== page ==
The upper electrode 250 and the lower electrode 220 independently comprise an electroconductive material selected from a group consisting of metals, metallic alloys, metal nitrides, metal silicides, metal oxides, metal sulfides, carbon, electroconductive polymers, organic conductors, and combinations thereof. Example embodiments of the electrode materials include, for example, aluminum (Al), gold (Au), silver (Ag), platinum (Pt), copper (Cu), titanium (Ti), tungsten (W), and indium tin oxide (ITO). In those instances in which the electrodes comprise only organic materials, the resulting memory device may consist only of organic materials. As will be appreciated by those skilled in the art, depending on the electrode materials utilized, a variety of conventional formation processes, for example, deposition (e.g., thermal deposition), sputtering, e-beam evaporation and spin coating, may be employed.

Example embodiments of electroconductive polymers that are expected to be useful in forming organic active patterns include, for example, polyphenylacetylenes, such as polydiphenyl acetylene, poly(t-butyl)diphenylacetylene, poly(trifluoromethyl)diphenyl acetylene, poly(bistrifluoromethyl)acetylene, polybis(t-butyldiphenyl)acetylene, poly(trimethylsilyl)diphenyl acetylene, poly(carbazol)diphenylacetylene, polydiacetylene, polyphenylacetylene, polypyridine acetylene, polymethoxyphenyl acetylene, polymethylphenyl acetylene, poly(t-butyl)phenyl acetylene, polynitrophenyl acetylene, poly(trifluoromethyl)phenyl acetylene, poly(trimethylsilyl)phenyl acetylene, derivatives thereof, and polythiophenes.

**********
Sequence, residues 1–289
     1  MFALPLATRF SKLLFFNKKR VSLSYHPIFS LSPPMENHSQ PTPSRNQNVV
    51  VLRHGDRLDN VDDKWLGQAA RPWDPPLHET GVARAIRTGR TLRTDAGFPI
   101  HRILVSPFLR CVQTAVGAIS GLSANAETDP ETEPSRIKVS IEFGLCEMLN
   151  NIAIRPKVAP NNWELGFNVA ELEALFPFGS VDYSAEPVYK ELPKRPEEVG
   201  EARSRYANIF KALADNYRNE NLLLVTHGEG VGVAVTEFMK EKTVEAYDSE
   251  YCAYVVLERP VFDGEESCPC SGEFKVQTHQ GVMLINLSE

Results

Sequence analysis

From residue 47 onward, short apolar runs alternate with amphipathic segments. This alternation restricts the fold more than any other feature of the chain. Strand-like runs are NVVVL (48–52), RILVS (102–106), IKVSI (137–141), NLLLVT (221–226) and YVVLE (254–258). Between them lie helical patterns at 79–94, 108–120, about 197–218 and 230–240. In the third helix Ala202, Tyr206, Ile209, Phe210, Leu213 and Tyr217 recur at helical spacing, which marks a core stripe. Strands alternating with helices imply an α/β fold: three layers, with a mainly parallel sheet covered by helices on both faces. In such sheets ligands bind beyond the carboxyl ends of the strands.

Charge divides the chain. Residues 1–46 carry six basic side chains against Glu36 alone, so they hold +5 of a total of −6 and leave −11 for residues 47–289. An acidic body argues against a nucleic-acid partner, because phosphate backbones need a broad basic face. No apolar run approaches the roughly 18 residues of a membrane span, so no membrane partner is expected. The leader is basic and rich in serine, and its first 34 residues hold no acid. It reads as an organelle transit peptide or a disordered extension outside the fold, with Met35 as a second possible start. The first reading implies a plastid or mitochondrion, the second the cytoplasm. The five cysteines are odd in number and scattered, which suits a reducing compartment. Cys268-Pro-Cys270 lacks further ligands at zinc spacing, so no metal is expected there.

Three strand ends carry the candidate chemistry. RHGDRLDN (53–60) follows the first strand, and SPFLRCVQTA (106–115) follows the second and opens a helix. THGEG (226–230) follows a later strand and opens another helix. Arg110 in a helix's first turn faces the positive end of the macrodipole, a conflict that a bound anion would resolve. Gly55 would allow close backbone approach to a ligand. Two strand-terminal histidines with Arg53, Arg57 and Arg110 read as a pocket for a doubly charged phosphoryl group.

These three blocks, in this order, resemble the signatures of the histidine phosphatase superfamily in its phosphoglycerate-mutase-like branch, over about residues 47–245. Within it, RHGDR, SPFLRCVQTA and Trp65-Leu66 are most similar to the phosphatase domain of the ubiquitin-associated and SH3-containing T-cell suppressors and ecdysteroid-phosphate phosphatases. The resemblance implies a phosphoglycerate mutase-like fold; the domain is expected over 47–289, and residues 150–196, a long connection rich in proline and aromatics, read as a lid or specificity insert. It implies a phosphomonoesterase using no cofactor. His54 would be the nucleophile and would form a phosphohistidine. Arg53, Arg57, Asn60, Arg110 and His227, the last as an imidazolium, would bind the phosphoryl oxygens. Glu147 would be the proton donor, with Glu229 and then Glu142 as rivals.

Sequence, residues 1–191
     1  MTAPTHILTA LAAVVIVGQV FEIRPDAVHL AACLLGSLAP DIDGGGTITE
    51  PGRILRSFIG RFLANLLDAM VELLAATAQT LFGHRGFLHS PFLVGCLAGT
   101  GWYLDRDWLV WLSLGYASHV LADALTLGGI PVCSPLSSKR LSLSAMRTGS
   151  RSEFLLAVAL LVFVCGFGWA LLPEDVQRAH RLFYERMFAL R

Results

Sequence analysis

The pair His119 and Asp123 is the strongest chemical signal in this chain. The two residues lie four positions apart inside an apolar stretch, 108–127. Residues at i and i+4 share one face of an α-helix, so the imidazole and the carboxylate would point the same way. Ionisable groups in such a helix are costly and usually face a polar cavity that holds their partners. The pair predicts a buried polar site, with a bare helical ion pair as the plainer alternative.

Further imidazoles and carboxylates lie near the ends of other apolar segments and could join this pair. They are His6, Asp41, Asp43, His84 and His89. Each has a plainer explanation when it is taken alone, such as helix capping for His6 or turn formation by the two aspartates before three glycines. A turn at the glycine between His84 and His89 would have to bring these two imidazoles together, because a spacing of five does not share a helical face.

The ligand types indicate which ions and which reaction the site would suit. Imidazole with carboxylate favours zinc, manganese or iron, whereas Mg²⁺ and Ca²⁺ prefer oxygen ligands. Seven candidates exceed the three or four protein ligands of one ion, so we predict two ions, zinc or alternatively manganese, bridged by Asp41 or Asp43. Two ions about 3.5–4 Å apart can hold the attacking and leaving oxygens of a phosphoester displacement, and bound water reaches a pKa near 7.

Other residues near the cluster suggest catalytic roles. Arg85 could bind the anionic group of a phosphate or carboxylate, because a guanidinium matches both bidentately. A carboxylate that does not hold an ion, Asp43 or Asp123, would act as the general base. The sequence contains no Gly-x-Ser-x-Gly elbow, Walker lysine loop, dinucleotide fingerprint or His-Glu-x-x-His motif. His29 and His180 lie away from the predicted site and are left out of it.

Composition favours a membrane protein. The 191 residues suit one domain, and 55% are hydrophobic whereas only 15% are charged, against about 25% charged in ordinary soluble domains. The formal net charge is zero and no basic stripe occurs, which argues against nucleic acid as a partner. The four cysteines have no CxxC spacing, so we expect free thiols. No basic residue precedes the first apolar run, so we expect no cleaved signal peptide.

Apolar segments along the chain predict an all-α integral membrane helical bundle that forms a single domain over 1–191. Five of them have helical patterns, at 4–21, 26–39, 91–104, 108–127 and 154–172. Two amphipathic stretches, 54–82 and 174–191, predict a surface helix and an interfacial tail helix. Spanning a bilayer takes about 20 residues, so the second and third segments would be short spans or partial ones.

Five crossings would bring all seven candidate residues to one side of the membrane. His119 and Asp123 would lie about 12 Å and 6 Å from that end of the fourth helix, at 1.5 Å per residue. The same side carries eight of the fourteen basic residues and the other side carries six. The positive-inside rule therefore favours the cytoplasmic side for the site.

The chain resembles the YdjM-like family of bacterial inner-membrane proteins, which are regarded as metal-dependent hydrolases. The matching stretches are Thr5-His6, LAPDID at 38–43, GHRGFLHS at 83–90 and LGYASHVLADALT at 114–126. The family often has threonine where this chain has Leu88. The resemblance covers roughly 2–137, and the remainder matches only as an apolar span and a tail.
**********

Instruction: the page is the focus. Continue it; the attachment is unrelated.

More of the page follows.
Example embodiments of a memory device may, as illustrated in FIG. 2, include an optional barrier layer 230 formed on the lower electrode 220 in order to reduce the likelihood of damage to the lower electrode during subsequent processing. Example embodiments of barrier materials for forming the barrier layer 230 include, for example, SiOx, AlOx, NbOx, TiOx, CrOx, VOx, TaOx, CuOx, MgOx, WOx and AlNOx,with SiO2, Al2O3, Cu2O, TiO2, and V2O3 expected to be useful in a range of applications. Altematively, the barrier layer may be made from one or more organic materials including, for example, Alq3 (aluminum tris(8-hydroxyquinoline), PMMA (polymethylmethacrylate), PS (polystyrene) and PET (polyethylene terephthalate). As will be appreciated by those skilled in the art, although the target thickness of the barrier layer will be a function of various parameters including, for example, the barrier material(s) utilized, the electrode topography and the subsequent processing, it is expected that a barrier layer thickness of 20 to 300 Å will be suitable for many applications.